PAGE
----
In Genius Envy, Adrianna M. Paliyenko uncovers a forgotten history: the multiplicity and diversity of nineteenth-century French women’s poetic voices. Conservative critics of the time attributed the phenomenon of genius to masculinity and dismissed the work of female authors as “feminine literature.” Despite the efforts of leading thinkers, critics, and literary historians to erase women from the pages of literary history, Paliyenko shows how these female poets invigorated the debate about the origins of genius and garnered considerable recognition in their time for their creativity and bold aesthetic ideas.
This fresh account of French women poets’ contributions to literature probes the history of their critical reception. The result is an encounter with the texts of celebrated writers such as Marceline Desbordes-Valmore, Anaïs Ségalas, Malvina Blanchecotte, Louisa Siefert, and Louise Ackermann. Glimpses at the different stages of each poet’s career show that these women explicitly challenged the notion of genius as gender specific, thus advocating for their rightful place in the canon.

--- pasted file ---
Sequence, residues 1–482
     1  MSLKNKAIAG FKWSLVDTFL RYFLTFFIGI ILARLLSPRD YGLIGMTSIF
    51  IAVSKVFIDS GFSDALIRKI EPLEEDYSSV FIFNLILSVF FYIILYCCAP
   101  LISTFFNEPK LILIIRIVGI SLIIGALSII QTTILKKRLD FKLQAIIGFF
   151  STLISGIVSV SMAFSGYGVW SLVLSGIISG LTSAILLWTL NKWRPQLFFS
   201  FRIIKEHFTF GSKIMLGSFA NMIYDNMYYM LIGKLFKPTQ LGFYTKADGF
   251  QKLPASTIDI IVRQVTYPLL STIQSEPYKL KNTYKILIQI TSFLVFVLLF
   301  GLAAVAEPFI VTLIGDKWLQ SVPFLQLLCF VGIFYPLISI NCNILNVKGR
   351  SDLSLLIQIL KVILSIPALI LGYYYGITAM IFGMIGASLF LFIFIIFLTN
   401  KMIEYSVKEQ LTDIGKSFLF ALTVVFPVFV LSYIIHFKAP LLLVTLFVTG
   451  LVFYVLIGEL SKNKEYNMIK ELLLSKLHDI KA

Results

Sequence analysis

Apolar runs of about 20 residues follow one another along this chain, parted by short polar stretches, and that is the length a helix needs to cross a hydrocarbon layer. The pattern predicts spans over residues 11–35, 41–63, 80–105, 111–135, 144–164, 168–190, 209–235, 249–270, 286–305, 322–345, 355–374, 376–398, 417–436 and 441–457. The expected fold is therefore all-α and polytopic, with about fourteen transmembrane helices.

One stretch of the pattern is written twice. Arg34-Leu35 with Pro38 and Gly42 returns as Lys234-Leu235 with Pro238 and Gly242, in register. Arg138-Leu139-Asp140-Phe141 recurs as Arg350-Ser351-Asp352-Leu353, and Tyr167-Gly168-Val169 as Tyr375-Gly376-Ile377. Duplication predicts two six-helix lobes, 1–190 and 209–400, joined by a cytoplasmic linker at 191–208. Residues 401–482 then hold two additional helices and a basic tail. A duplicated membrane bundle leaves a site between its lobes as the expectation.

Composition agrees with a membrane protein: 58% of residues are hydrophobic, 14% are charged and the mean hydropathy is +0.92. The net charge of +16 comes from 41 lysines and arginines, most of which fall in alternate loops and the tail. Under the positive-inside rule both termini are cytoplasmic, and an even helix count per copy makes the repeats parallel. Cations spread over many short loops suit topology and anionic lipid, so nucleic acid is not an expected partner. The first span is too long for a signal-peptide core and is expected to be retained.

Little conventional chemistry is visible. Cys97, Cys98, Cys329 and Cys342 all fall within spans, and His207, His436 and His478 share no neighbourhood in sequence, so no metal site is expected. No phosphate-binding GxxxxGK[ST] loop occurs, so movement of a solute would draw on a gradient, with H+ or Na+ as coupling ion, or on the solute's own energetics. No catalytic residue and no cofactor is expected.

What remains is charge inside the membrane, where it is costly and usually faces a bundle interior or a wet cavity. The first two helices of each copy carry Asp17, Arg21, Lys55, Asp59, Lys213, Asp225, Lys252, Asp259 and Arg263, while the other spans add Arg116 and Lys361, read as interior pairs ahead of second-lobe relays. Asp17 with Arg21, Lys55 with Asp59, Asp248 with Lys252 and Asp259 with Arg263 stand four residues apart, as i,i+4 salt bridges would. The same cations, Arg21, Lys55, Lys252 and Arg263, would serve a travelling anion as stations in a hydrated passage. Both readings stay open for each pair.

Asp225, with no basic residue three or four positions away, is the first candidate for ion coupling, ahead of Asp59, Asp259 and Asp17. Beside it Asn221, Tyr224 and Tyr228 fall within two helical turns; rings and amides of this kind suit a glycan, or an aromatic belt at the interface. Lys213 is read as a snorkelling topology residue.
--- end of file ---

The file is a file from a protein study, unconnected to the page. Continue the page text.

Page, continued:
A prodigious contribution to studies of nineteenth-century French poetry, Paliyenko’s book reexamines the reception of poetry by women within and beyond its original context. This balanced and comprehensive treatment of their work uncovers the multiple ways in which women poets sought to define their place in history.
|Publisher:||Penn State University Press|
|Product dimensions:||7.00(w) x 9.90(h) x 0.80(d)|
About the Author
Adrianna M. Paliyenko is Charles A. Dana Professor of French at Colby College. Her most recent book, coedited with Joseph Acquisto and Catherine Witt, is Poets as Readers in Nineteenth-Century France.
Table of Contents
Part One: Reception Matters
1. Un/sexing Genius
2. Literary Reception and its Discontents
3. The Other History of French Poetry, 1801-1900
Part Two: Women Thinking Through Poetry and Beyond
4. Anais Ségalas on Race, Gender, and “la mission civilisatrice”
5. Work, Genius, and the In-Between in Malvina Blanchecotte
6. The Poetic Edges of Dualism in Louisa Siefert
7. Louise Ackermann’s Turn to Science
8. Marie Krysinska on Eve, Evolution and the Property of Genius